I just want to say whatever it is worth that I think the strategy is realistic and appropriate and I am very thankful for thew work you do and the passion you have. You know we have a way of defining people according to how well they are able to “make it” in the way we have built and structured society, and the real and deep humanity and even good and giftedness of people who for different reasons can’t “make it” just gets lost, and they get lost and forgotten except for a few people like you who know them, and their stories, and who know better. I don’t know this man, and have no basis for making any comments except what you have written, but I am guessing he isn’t going to make it, and wouldn’t even if he had treatment. Some people just can’t stay sober, detoxed, work a job, succeed in this life as we have more or less defined that. So, what do we do. It seems we need to have facilities for their care. But what if they won’t stay? Do you think it is just for people to be made to stay in facilities designed for their care? In our idealism and high mindedness and reacting to horror stories of “state hospitals” we have fed a generation of people to the wolves and ravages of life on the street in the most deplorable of conditions. Would could your plan and proposal include institutionalization for those for whom detox, treatment, and half way houses just don’t work?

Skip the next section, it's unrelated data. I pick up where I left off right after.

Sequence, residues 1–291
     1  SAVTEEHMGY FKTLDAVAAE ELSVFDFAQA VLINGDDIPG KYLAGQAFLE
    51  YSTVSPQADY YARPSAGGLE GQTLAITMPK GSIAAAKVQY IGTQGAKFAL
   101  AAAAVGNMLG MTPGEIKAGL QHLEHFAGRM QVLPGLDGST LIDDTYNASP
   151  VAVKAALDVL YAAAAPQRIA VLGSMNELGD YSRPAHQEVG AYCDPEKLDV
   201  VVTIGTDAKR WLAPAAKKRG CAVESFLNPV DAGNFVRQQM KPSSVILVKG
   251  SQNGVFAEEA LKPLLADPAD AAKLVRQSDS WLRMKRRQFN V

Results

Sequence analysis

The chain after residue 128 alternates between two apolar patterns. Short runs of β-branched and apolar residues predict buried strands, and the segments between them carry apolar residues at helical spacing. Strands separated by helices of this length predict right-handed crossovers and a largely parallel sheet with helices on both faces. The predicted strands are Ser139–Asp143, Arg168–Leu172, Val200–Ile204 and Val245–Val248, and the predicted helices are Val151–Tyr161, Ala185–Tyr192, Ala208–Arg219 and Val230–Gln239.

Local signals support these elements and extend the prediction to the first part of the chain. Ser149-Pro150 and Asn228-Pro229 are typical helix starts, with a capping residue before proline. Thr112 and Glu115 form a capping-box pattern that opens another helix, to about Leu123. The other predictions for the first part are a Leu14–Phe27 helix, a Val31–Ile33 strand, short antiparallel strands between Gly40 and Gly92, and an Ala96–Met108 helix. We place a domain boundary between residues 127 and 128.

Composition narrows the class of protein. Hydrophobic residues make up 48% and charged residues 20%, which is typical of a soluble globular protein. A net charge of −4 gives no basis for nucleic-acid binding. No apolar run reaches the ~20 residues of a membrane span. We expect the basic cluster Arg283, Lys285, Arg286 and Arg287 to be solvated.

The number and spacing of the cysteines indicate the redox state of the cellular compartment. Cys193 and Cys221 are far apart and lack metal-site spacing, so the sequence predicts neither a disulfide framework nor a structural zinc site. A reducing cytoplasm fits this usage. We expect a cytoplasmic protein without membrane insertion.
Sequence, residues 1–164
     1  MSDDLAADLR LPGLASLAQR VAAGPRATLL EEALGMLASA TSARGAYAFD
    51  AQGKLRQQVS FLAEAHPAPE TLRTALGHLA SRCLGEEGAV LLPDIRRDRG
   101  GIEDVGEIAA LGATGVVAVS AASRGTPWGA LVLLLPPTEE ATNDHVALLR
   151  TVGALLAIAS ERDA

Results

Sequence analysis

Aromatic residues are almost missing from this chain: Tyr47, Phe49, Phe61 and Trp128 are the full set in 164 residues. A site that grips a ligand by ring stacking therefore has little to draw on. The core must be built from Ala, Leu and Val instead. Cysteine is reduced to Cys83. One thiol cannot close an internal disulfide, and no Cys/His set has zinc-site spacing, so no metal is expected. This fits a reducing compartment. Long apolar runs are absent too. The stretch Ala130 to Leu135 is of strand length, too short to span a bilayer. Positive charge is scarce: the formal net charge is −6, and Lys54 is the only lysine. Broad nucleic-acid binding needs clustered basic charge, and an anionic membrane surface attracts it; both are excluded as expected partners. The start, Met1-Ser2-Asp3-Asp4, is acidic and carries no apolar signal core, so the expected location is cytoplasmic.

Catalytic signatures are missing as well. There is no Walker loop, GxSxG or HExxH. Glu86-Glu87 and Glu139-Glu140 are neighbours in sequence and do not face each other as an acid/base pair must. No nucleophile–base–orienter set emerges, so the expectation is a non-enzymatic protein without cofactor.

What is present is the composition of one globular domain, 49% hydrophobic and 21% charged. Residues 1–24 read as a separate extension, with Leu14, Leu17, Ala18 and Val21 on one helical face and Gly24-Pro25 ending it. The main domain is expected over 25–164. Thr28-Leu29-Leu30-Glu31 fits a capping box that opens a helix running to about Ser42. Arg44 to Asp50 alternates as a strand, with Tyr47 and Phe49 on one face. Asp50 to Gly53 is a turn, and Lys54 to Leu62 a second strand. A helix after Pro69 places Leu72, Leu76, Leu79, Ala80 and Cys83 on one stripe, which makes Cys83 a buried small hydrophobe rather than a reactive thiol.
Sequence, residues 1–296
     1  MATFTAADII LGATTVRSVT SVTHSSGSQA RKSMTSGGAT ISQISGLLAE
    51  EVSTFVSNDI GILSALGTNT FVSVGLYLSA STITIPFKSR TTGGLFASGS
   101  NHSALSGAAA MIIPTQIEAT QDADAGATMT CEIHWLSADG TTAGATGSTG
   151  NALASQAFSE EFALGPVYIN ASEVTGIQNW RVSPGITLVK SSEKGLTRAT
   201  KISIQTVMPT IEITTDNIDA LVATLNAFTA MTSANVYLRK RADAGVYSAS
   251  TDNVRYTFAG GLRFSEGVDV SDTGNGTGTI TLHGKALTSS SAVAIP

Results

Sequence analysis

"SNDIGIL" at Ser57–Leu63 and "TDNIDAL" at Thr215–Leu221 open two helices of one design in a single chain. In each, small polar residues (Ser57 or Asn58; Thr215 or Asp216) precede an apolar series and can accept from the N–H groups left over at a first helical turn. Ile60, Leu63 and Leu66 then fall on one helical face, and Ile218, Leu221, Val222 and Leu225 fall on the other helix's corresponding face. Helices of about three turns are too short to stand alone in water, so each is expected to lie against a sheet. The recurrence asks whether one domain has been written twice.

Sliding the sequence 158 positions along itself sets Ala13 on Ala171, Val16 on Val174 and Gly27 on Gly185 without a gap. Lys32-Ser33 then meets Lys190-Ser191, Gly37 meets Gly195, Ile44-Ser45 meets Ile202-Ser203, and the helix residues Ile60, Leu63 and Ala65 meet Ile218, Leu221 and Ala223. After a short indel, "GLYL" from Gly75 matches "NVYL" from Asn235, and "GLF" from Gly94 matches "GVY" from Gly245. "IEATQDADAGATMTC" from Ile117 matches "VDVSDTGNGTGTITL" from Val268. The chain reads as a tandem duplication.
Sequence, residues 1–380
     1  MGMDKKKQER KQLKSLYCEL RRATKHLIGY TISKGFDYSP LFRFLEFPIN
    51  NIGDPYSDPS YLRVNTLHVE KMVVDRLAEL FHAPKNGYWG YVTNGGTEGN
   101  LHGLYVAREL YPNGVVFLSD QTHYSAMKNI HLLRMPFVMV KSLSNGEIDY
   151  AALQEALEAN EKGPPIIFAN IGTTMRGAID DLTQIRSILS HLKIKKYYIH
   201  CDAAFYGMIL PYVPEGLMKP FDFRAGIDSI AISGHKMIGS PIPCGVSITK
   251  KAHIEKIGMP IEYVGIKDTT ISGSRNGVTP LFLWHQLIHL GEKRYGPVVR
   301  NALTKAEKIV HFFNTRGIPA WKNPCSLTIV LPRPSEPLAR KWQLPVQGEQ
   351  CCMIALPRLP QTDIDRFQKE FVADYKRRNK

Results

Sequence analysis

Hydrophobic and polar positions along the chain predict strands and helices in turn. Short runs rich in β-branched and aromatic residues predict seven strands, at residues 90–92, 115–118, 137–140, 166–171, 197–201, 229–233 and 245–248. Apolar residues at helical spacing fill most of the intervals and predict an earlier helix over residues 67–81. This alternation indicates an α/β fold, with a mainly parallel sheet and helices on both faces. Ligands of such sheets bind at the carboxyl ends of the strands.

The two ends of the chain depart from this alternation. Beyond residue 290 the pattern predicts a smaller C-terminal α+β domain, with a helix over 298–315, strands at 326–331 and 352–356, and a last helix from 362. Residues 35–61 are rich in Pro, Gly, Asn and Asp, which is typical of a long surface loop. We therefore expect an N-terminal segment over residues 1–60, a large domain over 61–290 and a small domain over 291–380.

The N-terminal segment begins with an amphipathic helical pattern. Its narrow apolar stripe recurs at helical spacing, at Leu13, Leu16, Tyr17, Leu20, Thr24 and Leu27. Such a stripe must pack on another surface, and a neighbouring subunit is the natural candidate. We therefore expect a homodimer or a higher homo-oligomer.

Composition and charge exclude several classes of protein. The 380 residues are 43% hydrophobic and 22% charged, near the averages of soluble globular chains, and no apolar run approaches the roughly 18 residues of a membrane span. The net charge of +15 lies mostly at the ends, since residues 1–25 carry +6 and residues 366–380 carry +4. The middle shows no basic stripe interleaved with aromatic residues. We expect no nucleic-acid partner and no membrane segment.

2. Joel, I think he can make it. The more I learn about the science of addiction, the more I realize that we need to design better strategies to help homeless and poor people get the tools they need for successful recovery.